Fish and Aquatic Life
Mud Lake (Marx Pond) is actually a marshy bay of Fish Lake. Mud Lake is connected to Fish Lake by a culvert. The lake provides excellent spawning habitat for northern pike and largemouth bass. The lake also provided excellent habitat for waterfowl. Although winterkills occur occasionally, the lake is still able to support a healthy fishery. The lake is a part of the hydrologic studies currently being conducted on Fish and Crystal Lakes.
Author Aquatic Biologist
Source: 1985, Surface Water Resources of Dane County,WI: WI-DNR Mud Lake (Marx Pond) (Town of Roxbury) - T9N, R7E, Sec. 4
This shallow, marshy bay of Fish Lake was separated from its parent body of water by a road fill. Mud Lake is connected to Fish Lake by a culvert and provides excellent spawning habitat for northern pike and largemouth bass. This pond also provides optimum habitat for waterfowl and is listed in wetlands inventories as a shallow marsh surrounded by deep marsh. Winterkills occur occasionally, but the lake still supports an excellent panfish, largemouth bass, and northern pike fishery. Public access is available at the town road crossing over the culvert connecting Mud Lake to Fish Lake. Fish species: northern pike, common carp, golden shiner, white sucker, black bullhead, pumpkinseed, bluegill, largemouth bass, black crappie, and yellow parch.
Surface acres = 54, SDF = 1.18, Maximum,depth = 8 ft
Author Surface Water Inventory Of Wisconsin
Mud Lake (WBIC 1006500) was assessed during the 2018 listing cycle; new total phosphorus sample data overwhelmingly exceeded the 2018 WisCALM listing thresholds for the Recreation use and Fish and Aquatic Life use. This water was not meeting its designated uses and was considered impaired; therefore, it was proposed that this water be added to the impaired waters list.
Author Ashley Beranek
Wisconsin has over 84,000 miles of streams, 15,000 lakes and milllions of acres of wetlands. Assessing the condition of this vast amount of water is challenging. The state's water monitoring program uses a media-based, cross-program approach to analyze water condition. An updated monitoring strategy (2015-2020) is now available. Compliance with Clean Water Act fishable, swimmable standards are located in the Executive Summary of Water Condition in 2018. See also the 'monitoring and projects' tab.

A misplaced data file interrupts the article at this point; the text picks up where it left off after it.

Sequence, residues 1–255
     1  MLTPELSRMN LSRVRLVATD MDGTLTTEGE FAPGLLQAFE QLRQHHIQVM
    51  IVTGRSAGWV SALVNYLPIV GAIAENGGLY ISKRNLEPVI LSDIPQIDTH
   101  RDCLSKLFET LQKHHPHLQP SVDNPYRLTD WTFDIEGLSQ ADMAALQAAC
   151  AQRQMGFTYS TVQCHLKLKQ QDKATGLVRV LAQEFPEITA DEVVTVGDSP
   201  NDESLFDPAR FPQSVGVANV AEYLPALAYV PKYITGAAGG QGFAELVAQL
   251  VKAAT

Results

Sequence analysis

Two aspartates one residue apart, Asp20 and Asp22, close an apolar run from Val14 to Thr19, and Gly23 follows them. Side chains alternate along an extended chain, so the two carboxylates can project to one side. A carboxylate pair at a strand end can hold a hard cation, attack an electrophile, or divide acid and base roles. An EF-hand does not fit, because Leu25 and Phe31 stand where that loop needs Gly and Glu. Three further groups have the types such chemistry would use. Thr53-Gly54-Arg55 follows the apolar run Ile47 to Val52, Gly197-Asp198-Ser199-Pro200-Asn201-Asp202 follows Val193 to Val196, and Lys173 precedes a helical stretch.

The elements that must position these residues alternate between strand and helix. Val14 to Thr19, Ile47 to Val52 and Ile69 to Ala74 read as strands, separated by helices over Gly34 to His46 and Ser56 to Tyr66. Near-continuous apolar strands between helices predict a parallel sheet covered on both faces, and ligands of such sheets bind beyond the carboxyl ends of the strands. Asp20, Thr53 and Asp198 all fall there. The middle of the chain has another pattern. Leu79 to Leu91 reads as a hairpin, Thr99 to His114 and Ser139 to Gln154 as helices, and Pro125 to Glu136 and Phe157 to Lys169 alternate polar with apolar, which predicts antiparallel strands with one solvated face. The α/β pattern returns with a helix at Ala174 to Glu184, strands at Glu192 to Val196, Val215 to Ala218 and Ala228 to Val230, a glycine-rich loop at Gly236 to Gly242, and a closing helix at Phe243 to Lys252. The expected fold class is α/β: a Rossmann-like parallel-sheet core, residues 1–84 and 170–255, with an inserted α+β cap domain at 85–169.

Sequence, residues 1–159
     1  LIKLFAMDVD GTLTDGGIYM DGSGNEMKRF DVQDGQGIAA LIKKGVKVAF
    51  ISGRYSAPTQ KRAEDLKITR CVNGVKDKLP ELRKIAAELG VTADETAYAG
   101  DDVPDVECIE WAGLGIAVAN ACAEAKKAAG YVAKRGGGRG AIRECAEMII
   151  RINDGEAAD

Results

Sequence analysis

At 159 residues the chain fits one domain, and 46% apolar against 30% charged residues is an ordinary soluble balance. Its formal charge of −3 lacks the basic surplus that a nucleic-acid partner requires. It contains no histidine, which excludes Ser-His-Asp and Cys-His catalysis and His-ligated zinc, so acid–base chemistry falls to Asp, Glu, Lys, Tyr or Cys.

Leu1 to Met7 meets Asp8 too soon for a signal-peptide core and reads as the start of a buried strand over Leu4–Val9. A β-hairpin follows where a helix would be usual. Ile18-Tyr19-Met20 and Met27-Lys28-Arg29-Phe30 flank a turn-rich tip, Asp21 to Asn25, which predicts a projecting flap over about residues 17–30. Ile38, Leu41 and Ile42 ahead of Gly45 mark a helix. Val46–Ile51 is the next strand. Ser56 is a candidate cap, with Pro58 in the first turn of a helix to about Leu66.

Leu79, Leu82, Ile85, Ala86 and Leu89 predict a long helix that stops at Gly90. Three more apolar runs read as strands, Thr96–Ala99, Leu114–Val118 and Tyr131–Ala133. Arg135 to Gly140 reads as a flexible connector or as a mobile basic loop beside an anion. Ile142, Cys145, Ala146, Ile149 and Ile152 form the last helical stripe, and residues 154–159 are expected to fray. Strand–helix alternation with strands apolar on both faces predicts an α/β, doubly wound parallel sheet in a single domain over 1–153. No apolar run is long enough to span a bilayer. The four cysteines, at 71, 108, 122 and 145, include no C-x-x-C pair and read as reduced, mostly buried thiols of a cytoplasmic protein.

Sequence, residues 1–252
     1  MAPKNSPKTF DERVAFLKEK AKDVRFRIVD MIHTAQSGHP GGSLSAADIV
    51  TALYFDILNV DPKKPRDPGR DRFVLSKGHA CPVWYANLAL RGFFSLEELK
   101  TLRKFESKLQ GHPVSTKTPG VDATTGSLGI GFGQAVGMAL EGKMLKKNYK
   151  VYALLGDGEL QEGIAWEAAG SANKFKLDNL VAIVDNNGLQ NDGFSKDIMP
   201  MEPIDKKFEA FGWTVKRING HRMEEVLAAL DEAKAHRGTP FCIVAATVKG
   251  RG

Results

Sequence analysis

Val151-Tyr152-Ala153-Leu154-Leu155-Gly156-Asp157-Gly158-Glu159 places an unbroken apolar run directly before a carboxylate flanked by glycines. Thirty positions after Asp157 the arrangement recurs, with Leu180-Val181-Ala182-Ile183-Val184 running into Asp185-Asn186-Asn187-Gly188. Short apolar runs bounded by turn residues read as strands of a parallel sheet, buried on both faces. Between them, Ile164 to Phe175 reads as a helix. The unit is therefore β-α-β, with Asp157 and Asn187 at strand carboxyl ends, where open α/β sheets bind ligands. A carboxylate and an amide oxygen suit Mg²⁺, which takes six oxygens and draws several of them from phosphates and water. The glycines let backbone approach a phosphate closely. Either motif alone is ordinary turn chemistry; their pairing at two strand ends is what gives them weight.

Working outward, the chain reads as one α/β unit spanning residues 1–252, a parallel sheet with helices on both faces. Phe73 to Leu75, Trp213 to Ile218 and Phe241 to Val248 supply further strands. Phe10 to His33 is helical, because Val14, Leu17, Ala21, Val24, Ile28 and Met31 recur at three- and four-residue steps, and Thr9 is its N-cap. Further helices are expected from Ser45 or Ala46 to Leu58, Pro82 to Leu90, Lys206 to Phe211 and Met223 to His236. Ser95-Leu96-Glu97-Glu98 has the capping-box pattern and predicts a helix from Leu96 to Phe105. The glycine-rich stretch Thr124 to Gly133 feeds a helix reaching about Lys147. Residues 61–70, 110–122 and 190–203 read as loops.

Dane County Lake Classification-Phase 2: The Phase 1 classification grant classified all county lakes and streams. This grant will take the next step by developing a management program based on the classification.
Dane County Parks Department will acquire 58 acres of land adjacent to Mud Lake in the Town of Roxbury in order to restore native vegetation and provide a permanent buffer that will filter upstream runoff before it enters Mud Lake and Fish Lakes. The acquisition of this property will protect the land and the waters from further degradation.
Dane County Department of Planning and Development will hire a project staff in order to develop a Lake Classification project, which is seen as the first step toward developing a consistent set of county-wide standards and procedures to protect Dane County Waters.
Wisconsin's Water Quality Standards provide qualitative and quantitative goals for waters that are protective of Fishable, Swimmable conditions [Learn more]. Waters that do not meet water quality standards are considered impaired and restoration actions are planned and carried out until the water is once again fishable and swimmable
Management goals can include creation or implementation of a Total Maximum Daily Load analysis, a Nine Key Element Plan, or other restoration work, education and outreach and more. If specific recommendations exist for this water, they will be displayed below online.
Monitoring the condition of a river, stream, or lake includes gathering physical, chemical, biological, and habitat data. Comprehensive studies often gather all these parameters in great detail, while lighter assessment events will involve sampling physical, chemical and biological data such as macroinvertebrates. Aquatic macroinvertebrates and fish communities integrate watershed or catchment condition, providing great insight into overall ecosystem health. Chemical and habitat parameters tell researchers more about human induced problems including contaminated runoff, point source dischargers, or habitat issues that foster or limit the potential of aquatic communities to thrive in a given area. Wisconsin's Water Monitoring Strategy was recenty updated.
Grants and Management Projects
|WBIC||Official Waterbody Name||Station ID||Station Name||Earliest Fieldwork Date||Latest Fieldwork Date||View Station||View Data|
|1006500||Mud Lake||10001217||Mud Lake||7/27/1999||9/30/2017||Map||Data|
|1006500||Mud Lake||10015037||Mud Lake||6/18/1997||1/1/2015||Map||Data|
|1006500||Mud Lake||10031626||Mud Lake at Culvert to Fish Lake||8/17/2010||8/17/2010||Map||Data|
Mud Lake is located in the Roxbury Creek watershed which is 71.11 mi². Land use in the watershed is primarily agricultural (40.40%), forest (28.50%) and a mix of wetland (12.80%) and other uses (18.30%). This watershed has 111.73 stream miles, 988.84 lake acres and 4,432.98 wetland acres.
Nonpoint Source Characteristics
This watershed is ranked Not Available for runoff impacts on streams, Not Available for runoff impacts on lakes and High for runoff impacts on groundwater and therefore has an overall rank of High. This value can be used in ranking the watershed or individual waterbodies for grant funding under state and county programs.However, all waters are affected by diffuse pollutant sources regardless of initial water quality. Applications for specific runoff projects under state or county grant programs may be pursued. For more information, go to surface water program grants.